That being said, since the Venturi effect was banned in Formula 1 for such a long time it has not received the same amount of research attention as conventional wings, and teething troubles still remain. Chief among these is the issue of porpoising mentioned above. In general, if a car is low to the ground then the constriction providing the Venturi effect will be narrower, air will be accelerated more and greater downforce will be produced. However, there is a point at which the constriction becomes too tight and air flow stalls, and current F1 cars can sometimes reach that point on fast straights where the downforce is highest. When that point is reached, no acceleration of air means no downforce. When the downforce disappears the car raises up on its suspension (albeit with the sealing fins staying in place in the case of modern cars), widening the constriction and allowing air to flow again. With air flow restored the car is sucked downward again, which narrows the constriction and increases the downforce, which pulls the car further down until (potentially) the air flow stalls again, and so on. The car then bounces up and down, in a manner reminiscent of a porpoise on the sea bed.
The Venturi effect also sees considerable use outside of purpose-built racing cars. These days plenty of contemporary road cars, even those relatively far from the performance end of the market, can be seen with rear diffusers. A diffuser is an air flow channel which gradually widens from a narrow underfloor area to a wide mouth at the rear of the car, often with vertical ribs or ‘strakes’ projecting down from its top surface. The underside of any car will form a rudimentary constriction and accelerate the air underneath it to some extent, and a rear diffuser provides a gentle expansion area for that air, minimising turbulence and thereby allowing the air under the car to travel faster (and thus drop to a lower pressure). The smoother return of air passing under the car can also reduce drag by minimising the size of the ‘bubble’ of low pressure air that forms behind the car.
Whereas the relatively high ground clearance required of most road cars means that there is little that can be done to stop air leaking into the low pressure zones under them, the same does not apply to track day cars and more dedicated supercars, and the Venturi effect can be used to greater effect here. A particularly noteworthy example of such a car is the Elemental RP1. As well as an extremely pronounced pair of rear diffusers, this car has a pair of front diffusers which run under the nose of the car and out to the sides behind the front wheels. Together, the diffusers can produce over 200kg of downforce at 100mph and 400kg at 150mph. For the sake of comparison, the Bugatti Veyron can generate a maximum of 180kg of downforce. The Aston Martin Valkyrie takes the same general layout as the RP1 to even greater extremes, with front and rear diffusers that look large enough to climb through. Together the diffusers generate a downforce of over 1,800kg, allowing the car to corner at up to 3.3g.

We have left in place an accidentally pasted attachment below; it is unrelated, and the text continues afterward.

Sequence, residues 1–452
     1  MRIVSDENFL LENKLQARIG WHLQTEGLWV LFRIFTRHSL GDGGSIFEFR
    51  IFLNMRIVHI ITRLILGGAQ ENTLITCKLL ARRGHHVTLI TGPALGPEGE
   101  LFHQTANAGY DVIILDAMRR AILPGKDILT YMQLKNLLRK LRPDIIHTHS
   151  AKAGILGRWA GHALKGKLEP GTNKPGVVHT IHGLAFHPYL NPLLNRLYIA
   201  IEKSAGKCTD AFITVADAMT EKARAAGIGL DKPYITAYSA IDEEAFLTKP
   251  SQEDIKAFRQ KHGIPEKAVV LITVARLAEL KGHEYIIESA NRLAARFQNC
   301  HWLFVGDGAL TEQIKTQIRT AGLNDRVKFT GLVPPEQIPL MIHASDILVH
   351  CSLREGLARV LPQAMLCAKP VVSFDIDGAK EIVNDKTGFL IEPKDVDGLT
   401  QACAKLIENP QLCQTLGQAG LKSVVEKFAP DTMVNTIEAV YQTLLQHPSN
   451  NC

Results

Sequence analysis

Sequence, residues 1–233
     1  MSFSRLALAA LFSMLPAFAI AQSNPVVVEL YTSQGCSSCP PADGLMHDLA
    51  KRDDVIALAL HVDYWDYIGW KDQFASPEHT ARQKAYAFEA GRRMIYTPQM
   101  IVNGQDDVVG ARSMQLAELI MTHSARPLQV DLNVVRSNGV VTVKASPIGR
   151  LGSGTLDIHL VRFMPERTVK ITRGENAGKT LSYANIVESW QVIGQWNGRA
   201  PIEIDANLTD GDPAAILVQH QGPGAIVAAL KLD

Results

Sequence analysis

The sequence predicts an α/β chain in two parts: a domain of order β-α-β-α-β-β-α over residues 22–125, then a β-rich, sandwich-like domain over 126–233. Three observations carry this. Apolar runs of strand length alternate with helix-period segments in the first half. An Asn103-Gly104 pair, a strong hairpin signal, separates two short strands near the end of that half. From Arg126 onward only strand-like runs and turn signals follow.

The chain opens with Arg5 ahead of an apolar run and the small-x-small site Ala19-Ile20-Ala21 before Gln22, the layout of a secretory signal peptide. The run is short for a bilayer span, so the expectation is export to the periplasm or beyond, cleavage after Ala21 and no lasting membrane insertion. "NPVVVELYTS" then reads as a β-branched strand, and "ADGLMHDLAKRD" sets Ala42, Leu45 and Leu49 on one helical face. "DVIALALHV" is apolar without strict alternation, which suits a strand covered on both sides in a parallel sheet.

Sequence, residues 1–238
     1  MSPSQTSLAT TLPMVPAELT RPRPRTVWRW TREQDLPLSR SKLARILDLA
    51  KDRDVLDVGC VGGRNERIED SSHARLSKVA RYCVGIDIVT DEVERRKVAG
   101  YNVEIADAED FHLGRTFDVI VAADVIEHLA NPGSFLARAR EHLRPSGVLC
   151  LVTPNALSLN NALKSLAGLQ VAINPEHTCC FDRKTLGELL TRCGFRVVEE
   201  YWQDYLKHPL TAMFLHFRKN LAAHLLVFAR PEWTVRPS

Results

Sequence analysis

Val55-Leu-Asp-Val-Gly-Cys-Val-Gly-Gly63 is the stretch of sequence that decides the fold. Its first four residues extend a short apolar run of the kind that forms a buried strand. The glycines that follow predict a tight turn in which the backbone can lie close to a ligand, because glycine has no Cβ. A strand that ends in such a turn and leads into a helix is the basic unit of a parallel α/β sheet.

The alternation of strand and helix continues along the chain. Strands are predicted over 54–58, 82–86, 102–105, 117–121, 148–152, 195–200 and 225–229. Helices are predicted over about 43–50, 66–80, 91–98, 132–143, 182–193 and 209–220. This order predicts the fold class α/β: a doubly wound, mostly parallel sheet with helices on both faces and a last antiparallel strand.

A quick glance at recent patent activity shows that the Venturi effect continues to be an area of research interest to Automotive manufacturers. As one example, in January this year Porsche obtained a granted patent directed towards a rear diffuser with a portion that is actively movable so that the trade-off between downforce and drag can be adjusted to fit different circumstances. Building on previous filings in this area, the patent describes articulation mechanisms that allow better air flow through the diffuser than a simple hinge can provide. Along slightly different lines, a patent grant to Honda and a recently-published patent application filed by Volkswagen are both directed towards surface shaping in diffusers which aims to provide better air flow characteristics.
A final example of recent IP in this area has a slight lean towards the technology that will be discussed in the next article. This 2021 patent grant to McLaren protects the idea of a Venturi tunnel with a bleed duct through which some of the air inside the tunnel is drawn away. Reducing the amount of air in the tunnel reduces the pressure under the car and thus increases the downforce acting on the car.
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You can read Part 2: Cars that suck here.
You can read Part 3: Cars that suck here.